“I begin each day reminding myself that I was born to be an antifascist, then choose three lines from Don Quixote, Hafez and my mother who respond to me that I must love solitude if I need to be brave, that there won’t be any escort and that my only realm is a white sheet of paper.”
A writer and translator
Osama: a warning unheard?
A warning for the future, a gong to awaken the sleeping conscience
With a blink of her eye
Sense of an ending
When water becomes the ashen face of a dream
Shara Atashi in conversation with Colin Grant
Writer and translator Shara Atashi reflects on her Iranian heritage, and how her writing has been informed by exile.
Shara Atashi is a writer and translator based in Aberystwyth, Wales. She is the daughter of the Iranian poet Manuchehr Atashi. Her mother is a visual artist. In 1979, at the age of twelve, she travelled to Frankfurt, West Germany with her mother in the hope that the new cleric regime in Iran wouldn’t last long.
That journey became a life-long exile and Shara, who was an antifascist from an early age, enjoyed an anti-authoritarian schooling and later her liberal education at the Goethe University, where she read law under a number of influential leftist scholars involved in the work of Germany’s Federal Constitutional Court.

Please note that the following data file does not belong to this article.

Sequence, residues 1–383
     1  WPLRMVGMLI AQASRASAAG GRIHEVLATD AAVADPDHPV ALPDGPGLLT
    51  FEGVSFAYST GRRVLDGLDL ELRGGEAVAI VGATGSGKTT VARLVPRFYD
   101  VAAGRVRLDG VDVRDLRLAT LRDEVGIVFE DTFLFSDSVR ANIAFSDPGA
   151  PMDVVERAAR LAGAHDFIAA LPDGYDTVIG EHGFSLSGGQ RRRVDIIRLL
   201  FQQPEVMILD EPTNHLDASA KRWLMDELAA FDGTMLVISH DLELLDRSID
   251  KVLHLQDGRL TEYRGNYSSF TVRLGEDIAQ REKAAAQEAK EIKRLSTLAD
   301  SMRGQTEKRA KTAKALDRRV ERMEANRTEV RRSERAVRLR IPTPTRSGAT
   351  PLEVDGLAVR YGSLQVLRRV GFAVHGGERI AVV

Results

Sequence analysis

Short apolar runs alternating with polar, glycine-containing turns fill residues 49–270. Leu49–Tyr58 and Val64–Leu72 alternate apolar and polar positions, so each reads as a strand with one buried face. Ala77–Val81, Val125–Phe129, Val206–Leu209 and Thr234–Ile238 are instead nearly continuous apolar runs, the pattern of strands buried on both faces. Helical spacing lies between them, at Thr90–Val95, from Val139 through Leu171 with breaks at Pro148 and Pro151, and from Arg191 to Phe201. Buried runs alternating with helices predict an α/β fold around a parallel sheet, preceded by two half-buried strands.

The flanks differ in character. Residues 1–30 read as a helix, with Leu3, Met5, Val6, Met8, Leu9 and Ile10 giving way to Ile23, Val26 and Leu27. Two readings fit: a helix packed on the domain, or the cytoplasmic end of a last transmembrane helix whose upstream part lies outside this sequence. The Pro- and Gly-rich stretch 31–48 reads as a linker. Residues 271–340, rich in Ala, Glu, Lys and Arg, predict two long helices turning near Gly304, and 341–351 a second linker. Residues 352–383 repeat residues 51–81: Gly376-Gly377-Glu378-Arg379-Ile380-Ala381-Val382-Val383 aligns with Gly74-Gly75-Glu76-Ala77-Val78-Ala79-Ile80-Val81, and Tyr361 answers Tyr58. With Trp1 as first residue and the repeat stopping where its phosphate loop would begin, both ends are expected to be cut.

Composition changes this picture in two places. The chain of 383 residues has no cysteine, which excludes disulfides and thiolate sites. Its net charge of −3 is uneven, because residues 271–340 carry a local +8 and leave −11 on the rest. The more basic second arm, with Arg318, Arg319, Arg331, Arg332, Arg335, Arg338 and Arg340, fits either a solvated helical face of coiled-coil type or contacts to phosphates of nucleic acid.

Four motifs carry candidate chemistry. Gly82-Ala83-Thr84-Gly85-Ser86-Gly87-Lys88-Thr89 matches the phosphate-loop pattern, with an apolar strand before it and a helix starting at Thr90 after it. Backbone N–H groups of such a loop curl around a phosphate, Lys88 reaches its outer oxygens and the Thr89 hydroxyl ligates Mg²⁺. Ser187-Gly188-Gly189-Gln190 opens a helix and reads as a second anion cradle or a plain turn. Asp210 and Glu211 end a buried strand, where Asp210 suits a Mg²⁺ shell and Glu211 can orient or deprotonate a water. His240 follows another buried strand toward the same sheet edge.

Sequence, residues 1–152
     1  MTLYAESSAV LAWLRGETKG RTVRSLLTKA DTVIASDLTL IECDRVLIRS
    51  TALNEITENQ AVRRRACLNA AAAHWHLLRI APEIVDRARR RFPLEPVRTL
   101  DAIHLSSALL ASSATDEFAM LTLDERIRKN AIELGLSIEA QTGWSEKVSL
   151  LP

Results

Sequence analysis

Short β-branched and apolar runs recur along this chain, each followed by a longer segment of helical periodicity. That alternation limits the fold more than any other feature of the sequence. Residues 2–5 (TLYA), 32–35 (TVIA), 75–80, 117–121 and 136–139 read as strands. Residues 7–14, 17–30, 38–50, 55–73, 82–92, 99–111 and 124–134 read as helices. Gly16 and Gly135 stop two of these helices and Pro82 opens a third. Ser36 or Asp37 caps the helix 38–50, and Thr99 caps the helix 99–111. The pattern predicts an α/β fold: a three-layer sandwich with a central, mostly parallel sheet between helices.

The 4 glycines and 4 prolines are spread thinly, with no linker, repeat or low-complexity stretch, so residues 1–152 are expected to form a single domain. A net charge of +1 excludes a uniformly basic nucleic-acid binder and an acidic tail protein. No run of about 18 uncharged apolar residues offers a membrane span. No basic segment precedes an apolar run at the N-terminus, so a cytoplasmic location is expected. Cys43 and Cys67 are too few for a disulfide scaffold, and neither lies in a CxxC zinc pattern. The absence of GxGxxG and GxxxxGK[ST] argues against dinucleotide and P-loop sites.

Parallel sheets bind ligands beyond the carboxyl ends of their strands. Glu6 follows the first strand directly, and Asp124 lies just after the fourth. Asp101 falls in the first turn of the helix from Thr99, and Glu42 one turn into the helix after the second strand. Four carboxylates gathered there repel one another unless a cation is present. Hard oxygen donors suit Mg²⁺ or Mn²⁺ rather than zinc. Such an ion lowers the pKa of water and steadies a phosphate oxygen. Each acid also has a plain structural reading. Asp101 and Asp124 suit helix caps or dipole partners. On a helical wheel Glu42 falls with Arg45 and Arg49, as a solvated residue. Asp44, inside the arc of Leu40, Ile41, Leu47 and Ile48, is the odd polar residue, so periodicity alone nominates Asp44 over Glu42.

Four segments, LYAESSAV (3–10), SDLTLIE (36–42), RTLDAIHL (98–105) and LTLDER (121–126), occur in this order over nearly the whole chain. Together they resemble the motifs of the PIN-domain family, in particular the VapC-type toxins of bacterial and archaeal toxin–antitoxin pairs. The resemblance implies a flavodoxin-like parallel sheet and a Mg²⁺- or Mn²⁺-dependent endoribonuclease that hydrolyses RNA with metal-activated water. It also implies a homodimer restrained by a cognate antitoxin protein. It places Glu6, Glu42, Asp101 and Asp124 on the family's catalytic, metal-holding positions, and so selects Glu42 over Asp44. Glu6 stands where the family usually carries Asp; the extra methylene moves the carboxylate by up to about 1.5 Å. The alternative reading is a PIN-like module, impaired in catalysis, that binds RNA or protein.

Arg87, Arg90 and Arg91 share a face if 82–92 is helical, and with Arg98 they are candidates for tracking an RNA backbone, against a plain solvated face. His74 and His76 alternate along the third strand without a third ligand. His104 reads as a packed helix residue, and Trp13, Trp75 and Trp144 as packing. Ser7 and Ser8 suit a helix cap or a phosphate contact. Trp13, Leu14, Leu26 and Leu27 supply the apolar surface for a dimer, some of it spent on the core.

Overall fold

Shara worked for lawyers representing prominent clients, including sympathisers of the Baader-Meinhof Group, and later witnessed the fall of the Berlin Wall. After working for the European Patent Office in the Hague she relocated to London and settled down as a translator.
Her works have subsequently been published in a number of journals. In 2021 Shara was awarded a place at Literature Wales’s campaign against racism and is now dedicating her entire time to writing and literary translation. Her first work published by WritersMosaic was her long essay, Large Glass, 2021, followed by a number of film and poetry reviews. Shara is among the winners of the 2022 Stephen Spender Prize poetry translation competition.